The Brink is a radio storytelling project about what is needed to transition to a more just environment and society. From homelessness to toxic contamination, fracking to immigration, The Brink tells stories of inequality, struggle and transformation. The word “brink” has dual meaning: that which exists at the margins and a critical turning point. The Brink is a project of Assistant Professor David Ciplet’s graduate course Power, Justice and Climate Change in the Environmental Studies Program at CU Boulder, in partnership with KGNU and the Just Transition Collaborative.
On Wednesday July 5th, Professor David Ciplet who leads the Power, Justice and Climate Change course at CU, and students Tracy Kessner and Timothy Molnar spoke about The Brink on KGNU.
“Rise Up” by Simone Domingue and Matthew Oliver.
What the future holds in terms of a changing climate is certainly a worrisome topic. Furthermore, addressing climate change as a policy matter has seen its fare share of contention and setbacks. We talk to young activists who see climate change as a real threat to their future and are taking action into their own hands. They share their perspectives on fighting for change in this story called “Rise Up.”
“Fracking, Democracy, and Activism” by Tracy Kessner.
Fracking is an issue that touches on a whole host of issues in Colorado: home-rule versus state rights, environmental and social justice issues, community versus corporate rights, and democracy vs plutocracy. How do we protect the health and safety of Coloradans when attempts to enact stricter regulations are blocked by legislators and oil and gas developers? Bella Romero, a middle school in Greeley, illustrates issues that all counties in Colorado may soon face.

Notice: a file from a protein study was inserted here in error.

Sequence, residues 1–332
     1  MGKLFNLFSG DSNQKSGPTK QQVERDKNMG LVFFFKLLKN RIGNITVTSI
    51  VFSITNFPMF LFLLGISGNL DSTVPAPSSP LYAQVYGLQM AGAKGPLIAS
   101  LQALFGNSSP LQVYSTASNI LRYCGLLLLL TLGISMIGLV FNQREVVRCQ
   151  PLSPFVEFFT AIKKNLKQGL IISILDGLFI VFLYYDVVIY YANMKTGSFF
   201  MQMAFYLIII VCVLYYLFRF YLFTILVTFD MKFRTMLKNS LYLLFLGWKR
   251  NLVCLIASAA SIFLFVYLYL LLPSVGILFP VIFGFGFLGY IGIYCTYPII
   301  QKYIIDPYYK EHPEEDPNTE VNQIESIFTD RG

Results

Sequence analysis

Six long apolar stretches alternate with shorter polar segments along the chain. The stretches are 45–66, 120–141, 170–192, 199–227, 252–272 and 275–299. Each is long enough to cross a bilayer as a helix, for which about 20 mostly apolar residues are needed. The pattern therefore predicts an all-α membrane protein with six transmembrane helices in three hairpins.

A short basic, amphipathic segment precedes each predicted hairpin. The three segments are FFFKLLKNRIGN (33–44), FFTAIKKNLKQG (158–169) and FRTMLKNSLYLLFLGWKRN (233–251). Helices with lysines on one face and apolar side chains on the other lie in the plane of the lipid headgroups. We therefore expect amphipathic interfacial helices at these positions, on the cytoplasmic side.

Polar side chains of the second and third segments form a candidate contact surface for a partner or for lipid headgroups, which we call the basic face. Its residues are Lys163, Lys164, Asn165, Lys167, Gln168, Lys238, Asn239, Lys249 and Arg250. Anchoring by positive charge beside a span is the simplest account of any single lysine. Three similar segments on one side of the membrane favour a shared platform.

“Aspen’s Underbelly: A Look at a Ski Town’s Dirty Secret on Sustainability” by Timothy Molnar, Morgan Schacker and Kate Manzer.
The town of Aspen, CO touts itself as an international leader on sustainability. In fact, they procure 100% of their energy from renewable sources. A more holistic view of the town’s sustainability picture, however, provides a less rosy story. With average home prices in excess of $7 million, we explore where the community’s migrant work force calls home. And take a look into the town’s shortcomings in addressing these inequities.
“The American DREAM… or Nightmare?” by Jacqueline Albert and Emily Shaldach.
Since Trump’s election, immigrants have been fearful of their status in America. We talked to two students who immigrated to the US as children and found out why they’re here, what they’re doing now, and how we can help.
“Homeless Under Fire” by Meredith Tyree and Katherine Wentz.
As more and more wildfires blaze through Colorado, Boulder County residents are quick to blame the hundreds of homeless people camping in the national forests. In this story, we explore the opposing concerns of homeless camping versus the need for the homeless to find refuge, and try to find some common ground in the process.
“Rocky Flats: The Future of Nuclear Guardianship” by Clare Stumpf.
For almost forty years, the 176-acre site called Rocky Flats was the epicenter of nuclear weapons manufacturing for the United States. Following two chemical fires, illegal plutonium incineration, and a federal investigation, the site was officially closed in 1989. Now, amidst a proposal to open the site to the public as a recreational site, the challenge is to establish protections against the toxic chemicals left behind. The Boulder Valley School District recently passed a resolution to prohibit field trips to the proposed Rocky Flats Wildlife Refuge in an effort to protect schoolchildren from exposure to the toxic legacy of Rocky Flats.